I spent close to year and a half in London but never sat behind the wheel of a car. From what I understood of the UK rules, an Indian passport holder could drive in UK (without an international driving license or any permission from any UK authorities) anytime within the first one year of his/her arrival in UK. After the one year lapsed, you have to go get a UK license to be able to drive (yeah, the law is a bit silly – it allows someone who’s just landed in UK to hire a car, but not someone who’s lived there for more than a year and might be more familiar – some lawyer was trying to balance car rentals’ and travelers/pedestrians’ interests). Anyway, the one year period lapsed in my case and I never ended up driving a car in the UK – something that I really wanted to do. But there was a loophole – if I left UK (for good) and came back on a visit, I could drive (and more importantly for me, my girlfriend couldn’t since she was continuously in the UK – I like driving and am a bit possessive about it).
So, in first week of June 2010, we (me and my girlfriend), decided to do a road trip across the UK – from London to Edinburgh up north – going through the Lake District. We decided to take it easy and decided to do the 650 kms journey (UK is really small like approx from Chandigarh to Jaipur) over 3-4 days. We went to London City Airport and got ourselves a car – a grey Ford Fusion (I am prejudiced against Fords but this was the only car available) – in retrospect, it was good solid car with good grip on the road (it rained once or twice, as you can expect in the UK).
Some random things that I remember:
1. UK road rules can be a bit scary in the beginning – there are so many of them to observe. But you pick them up as you go along – like in India, they drive on the “right” side of the road. The most important rule to observe was giving way to those on your right. Turns out of roundabouts are called “exits” and are well marked.
2. The expressways (equivalent of our National Highways) are called Motorways. The smaller roads (maybe = to our State Highways) are called A roads. We made our way up on the M1. Once on the Ms, you can really speed up – speed limit is 70mph (roughly – 110kmph). Lane discipline is strictly observed, the right-most left lane left empty for overtaking. Now, the good thing is that they clearly warn you before the speed cameras come – so what ends up happening is that most people keep speeding and slow down when they see these signs. So I got to drive at 90mph (roughly – 140kmph). If you get “caught”, the speed camera automatically clicks a pic and sends you the “challan” – the rental company deducts it from your credit card. Neat. We had to refuel ourselves once – that was actually more confusing than driving. While petrol to fill and where to bill. Girlfriend, who is indeed smarter, figured out.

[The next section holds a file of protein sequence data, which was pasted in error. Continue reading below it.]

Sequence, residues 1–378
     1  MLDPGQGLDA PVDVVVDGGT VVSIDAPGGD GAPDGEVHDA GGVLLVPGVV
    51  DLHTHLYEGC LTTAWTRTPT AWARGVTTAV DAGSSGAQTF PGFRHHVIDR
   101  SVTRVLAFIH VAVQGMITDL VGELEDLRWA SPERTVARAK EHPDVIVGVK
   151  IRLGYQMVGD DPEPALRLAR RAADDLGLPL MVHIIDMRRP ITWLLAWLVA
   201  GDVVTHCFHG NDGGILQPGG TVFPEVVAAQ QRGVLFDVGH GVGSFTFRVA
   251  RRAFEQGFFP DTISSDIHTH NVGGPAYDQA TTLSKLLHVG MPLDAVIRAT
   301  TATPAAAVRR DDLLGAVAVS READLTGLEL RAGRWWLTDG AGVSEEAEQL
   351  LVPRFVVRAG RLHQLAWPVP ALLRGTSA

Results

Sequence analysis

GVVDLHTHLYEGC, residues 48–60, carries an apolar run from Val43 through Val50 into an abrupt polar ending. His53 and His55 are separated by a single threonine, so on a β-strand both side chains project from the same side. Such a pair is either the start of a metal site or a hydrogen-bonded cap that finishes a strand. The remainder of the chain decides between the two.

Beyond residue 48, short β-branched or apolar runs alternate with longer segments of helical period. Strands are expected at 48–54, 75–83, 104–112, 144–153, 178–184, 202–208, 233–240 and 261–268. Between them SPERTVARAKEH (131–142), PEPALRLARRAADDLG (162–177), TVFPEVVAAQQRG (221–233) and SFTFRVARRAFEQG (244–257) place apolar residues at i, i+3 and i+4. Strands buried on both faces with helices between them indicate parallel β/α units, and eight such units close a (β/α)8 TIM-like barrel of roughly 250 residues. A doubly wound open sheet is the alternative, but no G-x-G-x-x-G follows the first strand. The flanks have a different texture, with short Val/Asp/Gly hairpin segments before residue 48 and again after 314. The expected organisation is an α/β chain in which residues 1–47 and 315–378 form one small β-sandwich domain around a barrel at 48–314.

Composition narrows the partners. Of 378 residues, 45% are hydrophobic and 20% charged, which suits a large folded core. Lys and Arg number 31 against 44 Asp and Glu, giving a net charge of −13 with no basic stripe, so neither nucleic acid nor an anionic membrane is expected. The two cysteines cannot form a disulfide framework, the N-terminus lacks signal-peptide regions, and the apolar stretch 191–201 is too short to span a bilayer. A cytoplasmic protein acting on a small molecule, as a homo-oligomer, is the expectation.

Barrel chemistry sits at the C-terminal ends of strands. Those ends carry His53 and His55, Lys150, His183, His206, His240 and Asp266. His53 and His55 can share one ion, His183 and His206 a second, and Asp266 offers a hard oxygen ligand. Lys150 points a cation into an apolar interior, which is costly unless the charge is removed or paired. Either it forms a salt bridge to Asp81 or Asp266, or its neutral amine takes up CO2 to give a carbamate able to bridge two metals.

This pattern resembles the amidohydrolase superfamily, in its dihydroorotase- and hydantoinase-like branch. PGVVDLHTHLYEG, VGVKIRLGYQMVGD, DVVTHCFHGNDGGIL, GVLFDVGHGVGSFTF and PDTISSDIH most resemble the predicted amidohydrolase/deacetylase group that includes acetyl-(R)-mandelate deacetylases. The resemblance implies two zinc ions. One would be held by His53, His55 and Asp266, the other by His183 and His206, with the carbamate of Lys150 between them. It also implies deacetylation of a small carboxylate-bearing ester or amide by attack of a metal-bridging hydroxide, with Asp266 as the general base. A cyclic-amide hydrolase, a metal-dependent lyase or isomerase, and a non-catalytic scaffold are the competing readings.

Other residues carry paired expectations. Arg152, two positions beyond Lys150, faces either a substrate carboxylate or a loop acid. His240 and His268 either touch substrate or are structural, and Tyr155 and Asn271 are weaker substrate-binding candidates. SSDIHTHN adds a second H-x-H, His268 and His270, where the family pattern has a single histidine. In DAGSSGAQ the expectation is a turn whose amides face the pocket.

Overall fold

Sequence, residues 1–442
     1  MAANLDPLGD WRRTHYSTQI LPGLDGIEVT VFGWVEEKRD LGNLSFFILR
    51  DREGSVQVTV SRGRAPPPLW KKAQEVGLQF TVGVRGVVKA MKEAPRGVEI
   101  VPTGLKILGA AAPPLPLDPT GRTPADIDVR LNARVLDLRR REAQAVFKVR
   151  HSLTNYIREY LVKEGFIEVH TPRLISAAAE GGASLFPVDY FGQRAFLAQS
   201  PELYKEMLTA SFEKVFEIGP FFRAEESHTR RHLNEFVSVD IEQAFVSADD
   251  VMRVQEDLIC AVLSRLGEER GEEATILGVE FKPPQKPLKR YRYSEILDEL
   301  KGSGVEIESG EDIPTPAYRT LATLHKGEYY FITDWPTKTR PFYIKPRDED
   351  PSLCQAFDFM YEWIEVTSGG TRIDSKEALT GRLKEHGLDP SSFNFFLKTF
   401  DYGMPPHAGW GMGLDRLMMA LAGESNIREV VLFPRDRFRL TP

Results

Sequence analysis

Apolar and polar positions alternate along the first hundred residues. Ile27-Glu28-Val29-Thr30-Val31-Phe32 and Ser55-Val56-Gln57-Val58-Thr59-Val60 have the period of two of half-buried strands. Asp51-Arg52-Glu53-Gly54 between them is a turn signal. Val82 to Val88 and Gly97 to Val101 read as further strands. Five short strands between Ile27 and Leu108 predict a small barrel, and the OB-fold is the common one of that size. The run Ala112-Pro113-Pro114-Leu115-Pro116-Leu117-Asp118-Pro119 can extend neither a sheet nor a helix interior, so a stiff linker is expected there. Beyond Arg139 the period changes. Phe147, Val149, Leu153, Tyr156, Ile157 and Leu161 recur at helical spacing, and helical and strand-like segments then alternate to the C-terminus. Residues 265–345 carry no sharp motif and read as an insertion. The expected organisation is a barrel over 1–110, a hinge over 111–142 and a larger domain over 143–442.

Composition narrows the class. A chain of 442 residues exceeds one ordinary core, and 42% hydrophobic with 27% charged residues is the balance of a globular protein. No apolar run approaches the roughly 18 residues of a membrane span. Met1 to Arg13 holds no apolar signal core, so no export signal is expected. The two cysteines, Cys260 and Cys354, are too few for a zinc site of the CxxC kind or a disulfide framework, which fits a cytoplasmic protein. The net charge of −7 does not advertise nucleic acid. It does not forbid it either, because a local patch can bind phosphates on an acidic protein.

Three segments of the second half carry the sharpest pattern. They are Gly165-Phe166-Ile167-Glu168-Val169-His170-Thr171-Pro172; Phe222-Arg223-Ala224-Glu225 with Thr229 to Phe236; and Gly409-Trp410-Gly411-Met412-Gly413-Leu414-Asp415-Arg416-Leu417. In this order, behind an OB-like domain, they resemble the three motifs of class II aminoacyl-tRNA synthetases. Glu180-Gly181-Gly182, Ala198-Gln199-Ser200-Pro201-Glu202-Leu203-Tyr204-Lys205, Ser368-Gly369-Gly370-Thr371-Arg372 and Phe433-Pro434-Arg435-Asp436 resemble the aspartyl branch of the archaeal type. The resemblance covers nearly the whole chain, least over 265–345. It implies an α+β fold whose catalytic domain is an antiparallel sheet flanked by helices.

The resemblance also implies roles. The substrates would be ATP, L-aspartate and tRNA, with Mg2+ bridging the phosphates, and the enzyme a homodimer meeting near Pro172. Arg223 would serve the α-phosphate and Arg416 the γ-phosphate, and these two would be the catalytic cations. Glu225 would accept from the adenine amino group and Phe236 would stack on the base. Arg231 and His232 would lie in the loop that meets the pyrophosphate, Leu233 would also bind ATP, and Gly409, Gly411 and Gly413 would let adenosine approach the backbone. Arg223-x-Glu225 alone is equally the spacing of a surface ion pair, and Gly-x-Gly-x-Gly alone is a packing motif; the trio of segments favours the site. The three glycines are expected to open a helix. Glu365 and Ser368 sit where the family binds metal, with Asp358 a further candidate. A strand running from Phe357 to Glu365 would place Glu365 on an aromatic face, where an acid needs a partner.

3. UK is beautiful. Here is how we planned our journey:
Day 1 – London to Matlock (Matlock is a small pretty town in the countryside). We went dumped our luggage at a B&B – run (quite often) by a charming, socialable English couple. This B&B is the best I have stayed in. And we left for Chatsworth House – you can see some pics and information here – I’m really bad at remembering historical details. We walked around, took a tour and took in the scene – green moors dotted with sheep, the weather sunny but not hot, and the obligatory stream. The lunch was English (not so good) but the scones with clotted cream was good. For dinner, we ate at Maazi – an Indian restaurant which serves Indian food for the English (and is therefore bound to be crap – and it was). The redeeming factor was that the chap who was serving us was from Delhi and knew good English and generally did a good job.
Day 2 – Matlock to Ambleside, Winderemere – we left for Lake District – that part of the UK which is blessed with lakes, hills, and some poets with the ability to romanticize them well. It was cold, we felt like finding a good pub in the city, but also take the cruise on the Lake Windereme. The lake is bigger than your usual lakes in India and surprisingly still – as the sunset, you could be lost in your own thoughts and what you were doing in this world and that there are so many things that you haven’t seen (and will probably never end up seeing) and that money is needed to do all those things.